From Google to Alphabet, what does the change mean?

Tech giant Google is restructuring. A newly created holding company called Alphabet will now be the umbrella for its core business of Internet searching -- still called Google -- as well as other divisions like home automation and X Labs. Gwen Ifill discusses the changes with David Yoffie of Harvard Business School.

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    Now big changes at a global tech business icon. Google announced late yesterday it is restructuring.

    The core Internet search business, with which it is most closely identified, now becomes the largest subsidiary of a newly created holding company named Alphabet. Other enterprises under the Google umbrella, like the home automation division Nest, become part of Alphabet.

    Google co-founders Larry Page and Sergey Brin will oversee the new conglomerate, and current vice president Sundar Pichai will become Google's new CEO.

    But what difference will that make for consumers?

    By way of background and explanation, we turn to David Yoffie, a professor of business administration at the Harvard Business School who writes about the technology industry.

    So, Professor Yoffie, why the reorganization? What's the purpose of this?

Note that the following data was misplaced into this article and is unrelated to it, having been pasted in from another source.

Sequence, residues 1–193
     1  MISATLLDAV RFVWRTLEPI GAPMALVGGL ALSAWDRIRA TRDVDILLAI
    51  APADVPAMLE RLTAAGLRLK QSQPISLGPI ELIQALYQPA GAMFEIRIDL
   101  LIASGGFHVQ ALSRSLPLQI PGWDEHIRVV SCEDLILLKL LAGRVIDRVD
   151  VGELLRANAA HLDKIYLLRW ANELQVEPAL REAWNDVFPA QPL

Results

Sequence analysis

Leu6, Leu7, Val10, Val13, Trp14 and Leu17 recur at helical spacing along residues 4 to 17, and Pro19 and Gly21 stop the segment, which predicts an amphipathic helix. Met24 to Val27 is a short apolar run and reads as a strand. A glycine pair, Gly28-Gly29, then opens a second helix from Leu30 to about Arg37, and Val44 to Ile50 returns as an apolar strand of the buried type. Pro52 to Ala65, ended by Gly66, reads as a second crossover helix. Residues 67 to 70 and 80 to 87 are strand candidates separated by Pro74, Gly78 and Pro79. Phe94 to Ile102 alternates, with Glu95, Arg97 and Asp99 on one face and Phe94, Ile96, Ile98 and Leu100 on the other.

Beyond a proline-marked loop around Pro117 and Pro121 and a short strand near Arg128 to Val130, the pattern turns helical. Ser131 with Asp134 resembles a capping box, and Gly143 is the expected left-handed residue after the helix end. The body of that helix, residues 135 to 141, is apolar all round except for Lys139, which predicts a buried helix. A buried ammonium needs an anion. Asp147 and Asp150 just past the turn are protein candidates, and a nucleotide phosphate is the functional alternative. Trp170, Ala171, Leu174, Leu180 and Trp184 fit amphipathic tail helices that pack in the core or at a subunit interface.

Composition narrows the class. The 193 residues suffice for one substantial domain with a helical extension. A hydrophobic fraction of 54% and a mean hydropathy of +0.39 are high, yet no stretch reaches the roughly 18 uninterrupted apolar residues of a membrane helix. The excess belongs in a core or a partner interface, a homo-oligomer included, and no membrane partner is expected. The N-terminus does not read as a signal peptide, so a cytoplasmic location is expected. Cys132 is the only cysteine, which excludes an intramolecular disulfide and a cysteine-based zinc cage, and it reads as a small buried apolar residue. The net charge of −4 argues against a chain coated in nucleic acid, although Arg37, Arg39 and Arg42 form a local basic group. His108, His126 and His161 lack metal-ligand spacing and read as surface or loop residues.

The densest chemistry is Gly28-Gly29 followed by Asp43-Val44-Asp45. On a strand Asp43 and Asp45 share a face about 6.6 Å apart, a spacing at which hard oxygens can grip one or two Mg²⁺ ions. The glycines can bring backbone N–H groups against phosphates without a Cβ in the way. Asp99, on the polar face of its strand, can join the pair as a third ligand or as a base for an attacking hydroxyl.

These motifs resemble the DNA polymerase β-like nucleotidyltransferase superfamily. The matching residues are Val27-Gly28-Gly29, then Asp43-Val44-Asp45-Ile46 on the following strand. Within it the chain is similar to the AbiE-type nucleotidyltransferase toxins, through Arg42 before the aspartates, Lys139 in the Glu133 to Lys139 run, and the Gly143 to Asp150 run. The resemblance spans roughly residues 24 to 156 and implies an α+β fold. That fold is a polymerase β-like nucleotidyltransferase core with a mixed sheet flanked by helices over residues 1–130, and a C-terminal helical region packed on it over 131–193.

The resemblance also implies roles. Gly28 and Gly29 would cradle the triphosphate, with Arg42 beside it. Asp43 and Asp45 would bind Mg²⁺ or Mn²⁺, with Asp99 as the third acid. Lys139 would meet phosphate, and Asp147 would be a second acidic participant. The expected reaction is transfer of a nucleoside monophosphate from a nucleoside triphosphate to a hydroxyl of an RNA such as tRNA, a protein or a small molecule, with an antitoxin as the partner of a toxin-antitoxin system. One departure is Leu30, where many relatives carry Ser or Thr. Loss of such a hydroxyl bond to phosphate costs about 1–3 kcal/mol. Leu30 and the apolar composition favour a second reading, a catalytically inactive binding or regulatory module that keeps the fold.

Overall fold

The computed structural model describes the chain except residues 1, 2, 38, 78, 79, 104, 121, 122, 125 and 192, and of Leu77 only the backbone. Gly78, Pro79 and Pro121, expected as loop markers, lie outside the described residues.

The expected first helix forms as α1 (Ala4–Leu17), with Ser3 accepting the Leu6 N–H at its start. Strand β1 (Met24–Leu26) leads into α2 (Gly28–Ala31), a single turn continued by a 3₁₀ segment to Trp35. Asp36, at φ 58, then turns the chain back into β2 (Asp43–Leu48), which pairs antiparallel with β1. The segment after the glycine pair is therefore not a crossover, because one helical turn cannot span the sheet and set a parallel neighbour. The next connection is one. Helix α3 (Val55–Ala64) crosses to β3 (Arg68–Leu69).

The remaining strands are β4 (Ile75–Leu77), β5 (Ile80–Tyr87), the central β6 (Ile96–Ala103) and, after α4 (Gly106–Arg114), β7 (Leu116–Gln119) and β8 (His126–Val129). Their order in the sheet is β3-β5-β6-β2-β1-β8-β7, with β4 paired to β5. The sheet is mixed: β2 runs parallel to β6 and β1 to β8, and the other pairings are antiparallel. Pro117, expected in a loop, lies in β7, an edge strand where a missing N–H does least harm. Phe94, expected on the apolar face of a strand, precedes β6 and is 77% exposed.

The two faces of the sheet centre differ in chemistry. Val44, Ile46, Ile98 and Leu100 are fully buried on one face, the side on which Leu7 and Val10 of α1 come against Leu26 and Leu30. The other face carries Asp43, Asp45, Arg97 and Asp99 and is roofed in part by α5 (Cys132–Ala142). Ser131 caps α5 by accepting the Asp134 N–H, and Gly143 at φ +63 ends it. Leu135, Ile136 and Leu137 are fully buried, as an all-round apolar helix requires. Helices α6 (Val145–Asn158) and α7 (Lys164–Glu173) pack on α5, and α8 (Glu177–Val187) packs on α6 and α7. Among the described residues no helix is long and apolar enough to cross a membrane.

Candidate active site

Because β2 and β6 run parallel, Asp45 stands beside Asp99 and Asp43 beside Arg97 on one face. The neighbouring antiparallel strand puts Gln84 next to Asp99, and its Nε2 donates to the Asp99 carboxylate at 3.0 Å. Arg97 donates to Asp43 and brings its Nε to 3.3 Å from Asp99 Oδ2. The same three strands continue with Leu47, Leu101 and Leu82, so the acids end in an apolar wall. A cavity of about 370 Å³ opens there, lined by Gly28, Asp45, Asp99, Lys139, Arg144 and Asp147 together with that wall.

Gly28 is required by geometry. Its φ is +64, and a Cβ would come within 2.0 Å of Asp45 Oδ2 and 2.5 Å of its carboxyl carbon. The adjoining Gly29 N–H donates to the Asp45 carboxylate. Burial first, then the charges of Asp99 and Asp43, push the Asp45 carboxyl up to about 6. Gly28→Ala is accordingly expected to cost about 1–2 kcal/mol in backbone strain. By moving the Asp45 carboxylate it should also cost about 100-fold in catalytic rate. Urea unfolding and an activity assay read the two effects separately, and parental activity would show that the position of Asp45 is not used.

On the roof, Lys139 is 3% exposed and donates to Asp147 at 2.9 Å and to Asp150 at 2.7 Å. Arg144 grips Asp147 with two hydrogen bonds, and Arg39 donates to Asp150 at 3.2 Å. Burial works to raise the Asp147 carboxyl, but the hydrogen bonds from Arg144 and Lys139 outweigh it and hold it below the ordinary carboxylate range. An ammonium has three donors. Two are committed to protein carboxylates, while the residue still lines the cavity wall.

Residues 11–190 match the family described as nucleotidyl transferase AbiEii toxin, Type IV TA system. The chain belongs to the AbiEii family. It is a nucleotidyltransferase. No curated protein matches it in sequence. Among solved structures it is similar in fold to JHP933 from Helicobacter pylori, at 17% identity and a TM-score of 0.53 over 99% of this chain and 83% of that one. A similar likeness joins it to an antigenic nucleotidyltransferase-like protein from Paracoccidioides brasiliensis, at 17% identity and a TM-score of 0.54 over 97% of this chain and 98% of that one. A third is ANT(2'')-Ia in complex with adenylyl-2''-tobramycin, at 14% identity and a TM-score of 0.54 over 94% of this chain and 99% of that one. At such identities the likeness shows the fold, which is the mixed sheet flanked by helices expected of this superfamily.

• DAVID YOFFIE, Harvard Business School:

    I think that Larry had a couple ideas in mind.

    Probably, first and foremost, he wanted to streamline the company, potentially make it much more entrepreneurial, and give people in the very small businesses an opportunity to be their own CEOs, so that they could run the company in a more entrepreneurial way.

    They also wanted to make the business respond faster to the market, streamline the bureaucracy at the top of the organization. And I think he also was hoping that it would be a great way to retain some of the really good people who otherwise might be looking for other opportunities in Silicon Valley.


    What are these other non-search businesses? I think you call them moon shot enterprises.



    Yes. Well, I don't call them that. That's what Larry calls them.

    And they are things like Google X, which is robots and self-driving cars, Calico, which is looking at how do you expand life expectancy, Nest, which you already mentioned, as well as Dropcam, which is an Internet-based video that you can put in your home or in a business.

    There are also businesses like Google Capital and Google Ventures, which are traditional venture capital-like firms or late-stage venture firms that are looking at long-term investments in technology trends.


    Tell us about Sundar Pichai. What does he have to do about this, and what difference does it make that he's taking over? Any?


    I think, in that case, Sundar is known to be a great manager, a great personality, extremely well-liked inside the company.

    And he's largely going to continue doing exactly what he was doing before, except he goes from being a senior vice president to a CEO, at least in the context of the Google umbrella, which is now going to be called the Alphabet umbrella.